Voice mail systems are obviously not new. We discuss how our system is technically and functionally innovative. Traditionally, such an application (such as the well-regarded "Lifelines" system) is typically developed with expensive and proprietary PBX equipment and software, often with the blessing of carriers. The traditional approach is costly, difficult to customize, and difficult to justify for small groups of targeted users. The carriers' main interest is a large-scale one-size-fits-all system that can earn non-trivial revenue and can be administered centrally. In contrast, our system is built on top of cheap ISDN line cards plugged into conventional PCs and the open-source Asterisk framework. (The voice servers simply sit in our regional offices, as opposed to being inside telecom carriers' machine room closets.) The decentralized development and deployment is low-cost, provides extreme ease of local customization, and makes it feasible for us to experiment with tailor-made solutions for small local populations and experts. The solution can be easily and cheaply replicated at many locations, and because these distributed systems are networked, the information can be easily shared across the entire network of voice servers.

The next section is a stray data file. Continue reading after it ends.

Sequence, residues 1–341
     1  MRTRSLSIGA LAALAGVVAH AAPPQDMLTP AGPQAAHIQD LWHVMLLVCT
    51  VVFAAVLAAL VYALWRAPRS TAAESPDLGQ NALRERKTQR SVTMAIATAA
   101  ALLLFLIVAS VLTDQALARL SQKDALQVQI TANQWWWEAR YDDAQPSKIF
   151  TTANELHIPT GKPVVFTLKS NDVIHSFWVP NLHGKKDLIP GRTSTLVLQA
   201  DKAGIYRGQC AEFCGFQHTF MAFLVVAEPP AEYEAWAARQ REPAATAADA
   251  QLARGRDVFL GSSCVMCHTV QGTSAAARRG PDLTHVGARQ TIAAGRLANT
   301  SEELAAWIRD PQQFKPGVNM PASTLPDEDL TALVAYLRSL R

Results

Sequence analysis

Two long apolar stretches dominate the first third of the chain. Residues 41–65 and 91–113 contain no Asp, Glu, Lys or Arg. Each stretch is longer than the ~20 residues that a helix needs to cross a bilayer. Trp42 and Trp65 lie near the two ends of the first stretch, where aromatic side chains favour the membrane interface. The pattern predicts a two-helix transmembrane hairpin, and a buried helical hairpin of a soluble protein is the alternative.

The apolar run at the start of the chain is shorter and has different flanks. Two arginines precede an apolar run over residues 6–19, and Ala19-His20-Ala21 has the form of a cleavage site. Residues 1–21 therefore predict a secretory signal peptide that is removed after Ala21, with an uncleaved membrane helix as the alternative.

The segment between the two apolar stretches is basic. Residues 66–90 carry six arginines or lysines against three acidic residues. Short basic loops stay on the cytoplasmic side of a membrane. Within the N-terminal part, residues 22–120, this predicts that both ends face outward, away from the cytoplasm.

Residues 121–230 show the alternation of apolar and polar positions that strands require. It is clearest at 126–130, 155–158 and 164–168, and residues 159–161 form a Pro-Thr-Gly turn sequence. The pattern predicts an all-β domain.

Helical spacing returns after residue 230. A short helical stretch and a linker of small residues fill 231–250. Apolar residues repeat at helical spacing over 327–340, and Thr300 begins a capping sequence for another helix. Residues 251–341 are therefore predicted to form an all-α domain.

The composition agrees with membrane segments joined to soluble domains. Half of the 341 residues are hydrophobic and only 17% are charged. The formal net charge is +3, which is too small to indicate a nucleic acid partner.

Functionally, the system that we have built is much more than a voice mail system. A vanilla voice system mostly just provides one-to-one exchanges. In our system, on the other hand, for example, an exchange between a villager and a nurse is stored in a voice database, and if deemed appropriate (and with proper privacy precautions), the same exchange can be either re-used for another villager or re-broadcast to an even larger group (such as an interest group created for pregnancy or child nutrition). Indeed, one extra outlet of the voice database is community radio systems, which can be enlisted to beam frequently asked questions and answers to selected communities. (We are also building and experimenting with "phone radio boxes," boxes that behave like radios but receive their programming from cellphone links and can be interactive.) Furthermore, as discussed above, voice data initially gathered at one locale can be shared with other peer networked voice servers serving other locations. The knowledge accumulation in such a voice database and the strategic re-use of the information is critical in addressing the "expert bandwidth" problem.